Graphic: © Sabiha Malik / Image: MartinLewisFoto.com

World Bee City©

“If we get it right for insects, we get it right for everything else”.
Professor Dave Goulson, The Wildlife Trusts

 

Developing sustainable urban habitats for pollinators will help promote urban ecosystem restoration, urban food production, local economies and public wellbeing.

 

World Bee City© can generate and provide information on effective urban pollinator management.

 

With experts from our partner, the city of Curridabat, Costa Rica, which has won numerous awards, we aim to forge new paths in sustainable urban planning. Our teams can share the knowledge, strategy, planning, tools, methods, and the experience that Curridabat has developed, with forward-thinking municipalities and inner city-communities around the world.

If you are a municipality or local government body and would like to collaborate with us to restore your urban ecosystems and consolidate an innovative city regeneration plan, please write to us here.

 


What’s good for bees is good for people.

 

Together with local stakeholders we can develop urgently needed Best Practice Guides drawing on the latest research and resources concerned with supporting and promoting pollinators and people in urban environments. Using sophisticated monitoring technology, we can collect and analyse real-time pollinator and environmental data as a way of measuring the wellbeing of a city and finding sustainable solutions to the problems all its pollinators face. For example, we can use the technology to track honeybee health and nectar flows to help identify how the urban ecosystem is faring and which restoration actions are required.

If you’d like to sponsor our work in London or other cities, or collaborate with us, please write to us here.

Initiatives that promote this approach will have far reaching socio-cultural benefits for local communities. Urban food crops such as apples, strawberries and raspberries benefit from insect pollination, improving yield and quality. Abundant and diverse pollinator communities within cities will also help pollinate other crops and support urban food production more generally. Production of urban honey also supports local economies.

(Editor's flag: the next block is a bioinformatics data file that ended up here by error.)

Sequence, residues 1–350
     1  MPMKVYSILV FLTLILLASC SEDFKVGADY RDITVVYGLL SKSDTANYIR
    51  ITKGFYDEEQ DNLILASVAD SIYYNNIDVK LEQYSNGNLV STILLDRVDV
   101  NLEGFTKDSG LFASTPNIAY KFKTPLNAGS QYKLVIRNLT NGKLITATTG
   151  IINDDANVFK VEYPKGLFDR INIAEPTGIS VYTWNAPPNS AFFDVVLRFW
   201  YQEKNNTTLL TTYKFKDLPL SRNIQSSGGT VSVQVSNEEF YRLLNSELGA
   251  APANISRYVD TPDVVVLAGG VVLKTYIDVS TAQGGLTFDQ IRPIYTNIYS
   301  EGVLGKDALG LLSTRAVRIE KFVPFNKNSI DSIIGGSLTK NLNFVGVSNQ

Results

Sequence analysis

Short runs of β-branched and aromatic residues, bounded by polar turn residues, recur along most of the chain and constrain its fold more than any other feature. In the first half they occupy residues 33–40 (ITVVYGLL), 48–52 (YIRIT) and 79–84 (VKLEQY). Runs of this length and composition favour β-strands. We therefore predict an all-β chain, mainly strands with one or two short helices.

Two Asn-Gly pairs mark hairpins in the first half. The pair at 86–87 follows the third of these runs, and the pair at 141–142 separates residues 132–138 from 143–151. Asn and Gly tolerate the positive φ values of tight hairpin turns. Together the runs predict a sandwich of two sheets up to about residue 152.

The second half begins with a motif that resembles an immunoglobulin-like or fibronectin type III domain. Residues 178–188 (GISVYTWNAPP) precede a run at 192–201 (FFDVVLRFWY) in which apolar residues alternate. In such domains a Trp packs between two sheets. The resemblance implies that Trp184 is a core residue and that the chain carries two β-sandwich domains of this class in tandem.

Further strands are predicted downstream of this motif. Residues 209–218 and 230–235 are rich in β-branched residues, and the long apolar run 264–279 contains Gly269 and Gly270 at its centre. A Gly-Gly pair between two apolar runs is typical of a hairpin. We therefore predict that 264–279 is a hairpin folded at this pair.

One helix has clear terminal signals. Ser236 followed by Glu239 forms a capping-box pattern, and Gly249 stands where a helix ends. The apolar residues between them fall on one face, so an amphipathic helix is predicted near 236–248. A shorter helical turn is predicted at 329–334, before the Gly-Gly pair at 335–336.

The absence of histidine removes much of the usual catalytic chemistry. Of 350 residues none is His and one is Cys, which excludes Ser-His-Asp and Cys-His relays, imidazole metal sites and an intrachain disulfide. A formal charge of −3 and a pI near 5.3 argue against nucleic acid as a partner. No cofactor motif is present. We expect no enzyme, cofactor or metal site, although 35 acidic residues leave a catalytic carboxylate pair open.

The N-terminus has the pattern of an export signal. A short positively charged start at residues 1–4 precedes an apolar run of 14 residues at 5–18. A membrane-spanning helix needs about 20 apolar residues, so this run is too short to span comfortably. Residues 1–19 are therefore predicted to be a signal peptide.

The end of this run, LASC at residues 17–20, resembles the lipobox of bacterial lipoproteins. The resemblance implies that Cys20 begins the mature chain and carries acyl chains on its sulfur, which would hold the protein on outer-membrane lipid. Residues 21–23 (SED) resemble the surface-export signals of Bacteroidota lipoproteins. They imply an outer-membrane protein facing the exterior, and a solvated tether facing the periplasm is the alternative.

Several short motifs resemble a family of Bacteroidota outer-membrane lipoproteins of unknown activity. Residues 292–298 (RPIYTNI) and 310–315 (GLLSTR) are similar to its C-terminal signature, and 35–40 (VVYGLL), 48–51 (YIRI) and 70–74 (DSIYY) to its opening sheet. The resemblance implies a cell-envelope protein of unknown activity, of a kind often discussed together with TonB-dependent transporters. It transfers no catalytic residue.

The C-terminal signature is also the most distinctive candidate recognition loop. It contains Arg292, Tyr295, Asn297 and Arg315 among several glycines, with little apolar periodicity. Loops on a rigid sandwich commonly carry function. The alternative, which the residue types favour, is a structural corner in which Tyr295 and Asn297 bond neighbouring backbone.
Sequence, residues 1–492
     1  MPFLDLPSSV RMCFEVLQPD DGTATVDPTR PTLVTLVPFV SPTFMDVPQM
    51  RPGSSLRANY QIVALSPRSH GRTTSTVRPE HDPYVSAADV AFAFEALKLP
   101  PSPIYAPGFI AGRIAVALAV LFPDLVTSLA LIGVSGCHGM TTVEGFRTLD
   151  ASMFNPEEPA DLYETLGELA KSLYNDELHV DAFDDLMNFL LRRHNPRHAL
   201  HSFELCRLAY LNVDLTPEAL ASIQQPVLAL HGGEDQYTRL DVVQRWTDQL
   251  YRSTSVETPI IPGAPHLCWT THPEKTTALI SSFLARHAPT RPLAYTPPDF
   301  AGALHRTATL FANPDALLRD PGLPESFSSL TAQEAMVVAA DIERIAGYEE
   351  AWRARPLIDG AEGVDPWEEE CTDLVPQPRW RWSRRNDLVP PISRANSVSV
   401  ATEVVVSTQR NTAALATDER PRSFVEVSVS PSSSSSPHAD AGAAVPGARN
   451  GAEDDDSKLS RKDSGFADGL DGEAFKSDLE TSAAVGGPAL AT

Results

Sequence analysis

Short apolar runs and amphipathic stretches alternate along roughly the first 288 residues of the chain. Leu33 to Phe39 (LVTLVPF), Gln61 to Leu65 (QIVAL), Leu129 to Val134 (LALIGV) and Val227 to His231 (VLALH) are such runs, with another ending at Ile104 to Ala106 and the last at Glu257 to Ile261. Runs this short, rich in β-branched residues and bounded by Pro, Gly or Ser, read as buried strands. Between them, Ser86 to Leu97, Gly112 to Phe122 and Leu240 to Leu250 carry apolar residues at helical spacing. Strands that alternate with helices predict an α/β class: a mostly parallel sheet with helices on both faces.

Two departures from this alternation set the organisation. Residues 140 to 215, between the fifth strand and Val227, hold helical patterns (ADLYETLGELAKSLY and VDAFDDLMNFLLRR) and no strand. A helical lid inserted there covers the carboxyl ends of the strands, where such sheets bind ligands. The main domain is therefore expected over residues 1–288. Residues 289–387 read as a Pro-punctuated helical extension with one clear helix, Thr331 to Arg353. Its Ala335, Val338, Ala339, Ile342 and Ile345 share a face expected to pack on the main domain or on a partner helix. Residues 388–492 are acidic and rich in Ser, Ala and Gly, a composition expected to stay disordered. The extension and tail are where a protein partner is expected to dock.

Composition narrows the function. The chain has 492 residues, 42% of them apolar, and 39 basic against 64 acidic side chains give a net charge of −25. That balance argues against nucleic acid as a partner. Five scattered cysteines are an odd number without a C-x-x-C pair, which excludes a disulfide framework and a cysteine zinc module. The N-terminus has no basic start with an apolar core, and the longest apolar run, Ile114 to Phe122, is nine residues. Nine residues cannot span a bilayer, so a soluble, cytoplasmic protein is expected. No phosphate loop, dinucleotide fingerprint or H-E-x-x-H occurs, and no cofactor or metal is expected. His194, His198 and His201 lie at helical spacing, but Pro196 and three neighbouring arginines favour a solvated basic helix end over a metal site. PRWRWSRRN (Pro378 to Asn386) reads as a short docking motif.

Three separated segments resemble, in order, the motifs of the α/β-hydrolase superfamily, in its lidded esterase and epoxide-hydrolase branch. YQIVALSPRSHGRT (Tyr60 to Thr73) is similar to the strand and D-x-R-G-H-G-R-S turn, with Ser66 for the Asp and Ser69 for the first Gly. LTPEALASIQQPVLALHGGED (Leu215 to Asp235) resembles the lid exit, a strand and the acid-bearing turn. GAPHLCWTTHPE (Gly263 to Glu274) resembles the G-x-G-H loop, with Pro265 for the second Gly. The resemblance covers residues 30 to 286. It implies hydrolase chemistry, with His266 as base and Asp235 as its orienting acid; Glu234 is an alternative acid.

Working closely with and drawing on the skills, experience and enthusiasm that already exists among organisations and individuals, World Bee City© hopes to generate and provide information on effective urban pollinator management as well as an overarching evaluation and accreditation scheme, providing support and recognition by which a city can become a World Bee City©.

Some 50% of the world’s population now live in cities and creating more vibrant, florally rich urban green spaces with abundant biodiversity will enhance human wellbeing and improve health.

 

When bees thrive, we survive.

 

Remote monitoring in cities can reveal information about local  environmental health that is otherwise inaccessible. This acoustic data spectrum shows 3 hives across 6 days, 450 frequencies across 9 fifteen-minute time slots (that’s 86,000 data points). The black lines indicate the bees’ foraging trips, in this case half a million individual bee trips. 

 

Bee foraging versus wind speed (shown in blue).

 

The World Bee Project partners with BeeHero for advanced monitoring sensor technology.

 

World Bee City© can provide a focal point and tool for similar initiatives aimed at urban green development including local Nature Partnerships, Biodiversity Action Plans and Private, Charity and NGO ventures. Working closely with these groups and drawing on the skills, experience and enthusiasm that already exists among organisations and individuals, World Bee City© hopes to generate and provide information on effective urban pollinator management as well as an overarching evaluation and accreditation scheme, providing support and recognition by which a city can become a World Bee City©.